We’re celebrating the release of DCC Dying Earth all this Month with articles in honor of Jack Vance.
Howard and James’ Ten Vance Favorites
Recently the Skull issued a decree to various minions, bonded thralls, pseudo-sandestins, and temps from the secretarial pool to provide for his edification a list of their favorite works from the great and powerful wordsinger Jack Vance. Much of these replies were inferior, riddled with wrong opinions and bad taste, and those responsible were punished with hideous thoroughness for their failure. Only the perennial worthies Howard Andrew Jones and James Enge adequately fulfilled the Skull’s demands, not only sparing themselves a sorcerous expurgation, but providing a handy list of stand-out favorites from Jack Vance that make for a great recommended reading list.
Howard: With an author as gifted and prolific as Jack Vance it’s a challenge to select ten favorites because that list might change depending on your mood. It turns out that a lot of my favorites overlapped with James Enge’s, but we decided to discuss different books. And sometimes I cheated.
Five Vance Favorites from James Enge
To Live Forever/Clarges
A harrowing tale of revenge and social climbing in a futuristic city where the first prize is immortality and the second prize is death. The first prize is also death.
The Eyes of the Overworld
Here’s where I rant a bit. This is one of the greatest works of sword-and-sorcery ever written. An episodic novel whose episodes (mostly) appeared in F&SF during the 1960s, the story follows (but does not endorse) the actions of Cugel the Clever: thief, trickster, liar, and just a tad less clever than he thinks he is. He fails in an attempt to loot a sorcerer’s mansion and is hurled to the far side of the world. He has to con, sneak, and fight his way home to have his revenge on Iocounu the Laughing Magician, which he does… sort of. The setting is Vance’s greatest creation, the Dying Earth: full of magical traps, ancient menaces, and red shadows in the last days before the sun goes dark.
Maybe Vance’s funniest book. An eccentric millionaire drags her nephew and a picked company of Earth’s greatest operatic talent to stage an interstellar tour of opera performances before nonhumans. Nothing goes as planned.
The Blue World
This is an adventure novel on a worldwide ocean where human beings, having practically no resources except their own intelligence and determination, fight for survival against a sea monster. The biggest obstacle to survival is born from human nature itself—specifically, from superstition and greed. Vance has a satiric point to make, as he often does, but it gives weight to the story rather than distracting from it.
Vance has a number of novels where a young man has to make his way alone in the world against overwhelming odds. The theme must mean a lot to him (given how it echoes his own life). This book or Emphyrio might be the best of that bunch, though they are all pretty good. I give Maske: Thaery the edge because of its unusually satisfying ending, and the relentless wiliness of the hero, Jubal Droad.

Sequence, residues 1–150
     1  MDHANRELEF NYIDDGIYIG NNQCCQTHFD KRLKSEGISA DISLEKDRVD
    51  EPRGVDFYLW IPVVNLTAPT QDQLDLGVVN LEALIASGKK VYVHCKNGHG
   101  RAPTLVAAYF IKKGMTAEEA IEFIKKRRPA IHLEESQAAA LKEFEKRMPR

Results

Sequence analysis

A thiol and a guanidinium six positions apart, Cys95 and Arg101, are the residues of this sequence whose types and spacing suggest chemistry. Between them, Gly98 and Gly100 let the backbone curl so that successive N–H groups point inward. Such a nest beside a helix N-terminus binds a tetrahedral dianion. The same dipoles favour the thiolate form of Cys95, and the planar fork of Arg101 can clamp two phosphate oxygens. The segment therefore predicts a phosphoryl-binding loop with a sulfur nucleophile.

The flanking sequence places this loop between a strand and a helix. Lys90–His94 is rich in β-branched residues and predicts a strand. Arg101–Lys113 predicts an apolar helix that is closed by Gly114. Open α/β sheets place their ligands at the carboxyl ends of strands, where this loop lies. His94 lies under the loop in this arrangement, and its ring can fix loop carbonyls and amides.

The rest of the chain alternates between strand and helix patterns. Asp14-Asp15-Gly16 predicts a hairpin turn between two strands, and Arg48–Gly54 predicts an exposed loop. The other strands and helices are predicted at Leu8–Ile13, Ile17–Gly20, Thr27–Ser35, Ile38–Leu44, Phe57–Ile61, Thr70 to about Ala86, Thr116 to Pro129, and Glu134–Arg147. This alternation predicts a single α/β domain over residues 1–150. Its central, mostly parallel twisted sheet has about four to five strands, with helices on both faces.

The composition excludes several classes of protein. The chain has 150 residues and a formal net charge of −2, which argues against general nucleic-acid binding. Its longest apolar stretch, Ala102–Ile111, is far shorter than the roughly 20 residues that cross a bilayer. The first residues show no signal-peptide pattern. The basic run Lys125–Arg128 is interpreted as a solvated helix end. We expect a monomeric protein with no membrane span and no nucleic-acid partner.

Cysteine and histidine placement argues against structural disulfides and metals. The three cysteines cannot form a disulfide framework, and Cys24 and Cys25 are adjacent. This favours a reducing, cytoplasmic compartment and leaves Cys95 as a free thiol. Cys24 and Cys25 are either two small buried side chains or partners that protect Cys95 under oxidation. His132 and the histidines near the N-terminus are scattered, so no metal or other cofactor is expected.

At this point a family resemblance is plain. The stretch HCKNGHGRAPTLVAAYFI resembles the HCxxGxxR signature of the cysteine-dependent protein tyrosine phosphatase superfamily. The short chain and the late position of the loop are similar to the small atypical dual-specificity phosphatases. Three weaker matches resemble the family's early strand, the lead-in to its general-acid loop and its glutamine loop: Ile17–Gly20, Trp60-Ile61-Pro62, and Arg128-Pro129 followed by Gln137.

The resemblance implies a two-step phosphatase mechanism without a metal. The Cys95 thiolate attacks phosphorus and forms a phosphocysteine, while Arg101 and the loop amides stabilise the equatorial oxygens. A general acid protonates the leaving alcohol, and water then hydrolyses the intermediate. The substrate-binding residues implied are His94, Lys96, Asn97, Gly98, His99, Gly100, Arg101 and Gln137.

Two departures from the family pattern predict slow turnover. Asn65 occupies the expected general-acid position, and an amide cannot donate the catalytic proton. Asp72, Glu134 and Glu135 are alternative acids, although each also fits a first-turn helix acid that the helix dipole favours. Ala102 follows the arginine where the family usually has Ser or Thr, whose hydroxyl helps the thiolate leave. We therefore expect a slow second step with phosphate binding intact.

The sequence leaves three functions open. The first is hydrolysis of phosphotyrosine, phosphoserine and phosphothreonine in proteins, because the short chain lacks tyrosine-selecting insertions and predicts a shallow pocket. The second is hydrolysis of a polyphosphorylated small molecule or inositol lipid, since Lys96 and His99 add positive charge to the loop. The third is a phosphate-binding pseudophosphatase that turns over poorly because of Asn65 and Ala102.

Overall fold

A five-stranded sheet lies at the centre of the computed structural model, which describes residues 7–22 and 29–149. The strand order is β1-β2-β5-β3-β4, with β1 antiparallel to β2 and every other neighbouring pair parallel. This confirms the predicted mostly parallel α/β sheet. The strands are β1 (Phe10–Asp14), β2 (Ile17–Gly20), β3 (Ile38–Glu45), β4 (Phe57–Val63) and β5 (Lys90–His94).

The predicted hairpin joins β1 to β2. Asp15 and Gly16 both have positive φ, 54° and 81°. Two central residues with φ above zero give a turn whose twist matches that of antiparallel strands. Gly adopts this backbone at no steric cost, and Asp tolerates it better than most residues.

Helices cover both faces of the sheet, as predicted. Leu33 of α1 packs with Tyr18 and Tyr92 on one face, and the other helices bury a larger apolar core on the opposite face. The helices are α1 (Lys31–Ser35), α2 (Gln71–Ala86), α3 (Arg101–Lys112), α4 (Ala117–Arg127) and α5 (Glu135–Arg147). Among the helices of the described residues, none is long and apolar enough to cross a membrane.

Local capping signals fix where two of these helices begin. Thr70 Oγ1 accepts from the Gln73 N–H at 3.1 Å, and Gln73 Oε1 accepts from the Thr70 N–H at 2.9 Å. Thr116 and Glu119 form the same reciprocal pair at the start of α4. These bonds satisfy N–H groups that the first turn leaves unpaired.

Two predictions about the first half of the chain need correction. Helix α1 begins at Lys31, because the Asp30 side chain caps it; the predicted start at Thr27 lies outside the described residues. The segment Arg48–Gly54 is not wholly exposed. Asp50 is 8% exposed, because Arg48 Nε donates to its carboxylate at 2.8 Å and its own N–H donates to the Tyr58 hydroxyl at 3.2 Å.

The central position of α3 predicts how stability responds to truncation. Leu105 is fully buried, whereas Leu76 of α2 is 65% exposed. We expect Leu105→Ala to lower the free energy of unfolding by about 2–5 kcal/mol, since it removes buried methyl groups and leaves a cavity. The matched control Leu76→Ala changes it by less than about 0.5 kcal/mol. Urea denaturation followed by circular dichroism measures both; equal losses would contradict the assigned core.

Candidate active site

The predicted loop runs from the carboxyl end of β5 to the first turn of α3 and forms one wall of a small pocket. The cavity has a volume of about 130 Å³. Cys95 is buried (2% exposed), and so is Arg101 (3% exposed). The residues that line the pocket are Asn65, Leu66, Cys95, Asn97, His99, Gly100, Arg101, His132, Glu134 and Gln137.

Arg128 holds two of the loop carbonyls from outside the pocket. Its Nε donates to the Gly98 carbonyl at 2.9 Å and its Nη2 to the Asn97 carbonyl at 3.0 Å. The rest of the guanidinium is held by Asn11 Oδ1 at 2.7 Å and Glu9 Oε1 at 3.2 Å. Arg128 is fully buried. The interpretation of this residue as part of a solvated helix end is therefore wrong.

Five More Vance Favorites from Howard Andrew Jones
Planet of Adventure (City of the Chasch, Servants of the Wankh, The Dirdir, The Pnume)
Here’s where I cheat and list all four books as my favorite Vance work, at least today. Four grand adventures of Adam Reith, a resourceful scout stranded on the planet Tschai, determined to find his way off planet. As usual with Vance, there are strange cultures and customs and stunning descriptive passages, but you also get a clever and determined central character who constantly surprises.
The Demon Princes (Star King, The Killing Machine, The Palace of Love, The Face, The Book of Dreams)
Did I mention I cheat at these things? I count all five books in this sequence as another favorite, yet on reflection I think it was the first three — written some twelve years before the last two — that I enjoy the most. The Demon Princes saga follows adventurer Kirth Gerson as he tracks down the five dangerous, terrifying criminals who enslaved the people of his settlement when he was a child.
Wyst: Alastor 1716
I like all of the Alastor novels — a very loose sequence of books tied together by their location in space as well as an occasional recurring character and customs — but Wyst, with its ongoing mystery (which I dare not reveal) and plot versus counterplot structure may be my favorite of them
The Dying Earth
Vance’s most famous novel, The Dying Earth remains a wonder, a series of loosely connected tales stunningly brought to life among weird imagery, strange and horrifying and wondrous places and fascinating people.
I wouldn’t want to meet Cugel, but I sure love to read about him, and I find this second book of his adventures just as enjoyable as his first, for all of the same reasons James cited above. And as an added bonus, if you’re craving just a little more Cugel the Clever, the late, great, Michael Shea wrote a delightful, note perfect, authorized book-length pastiche, A Quest for Simbilis, that slots in between the two books.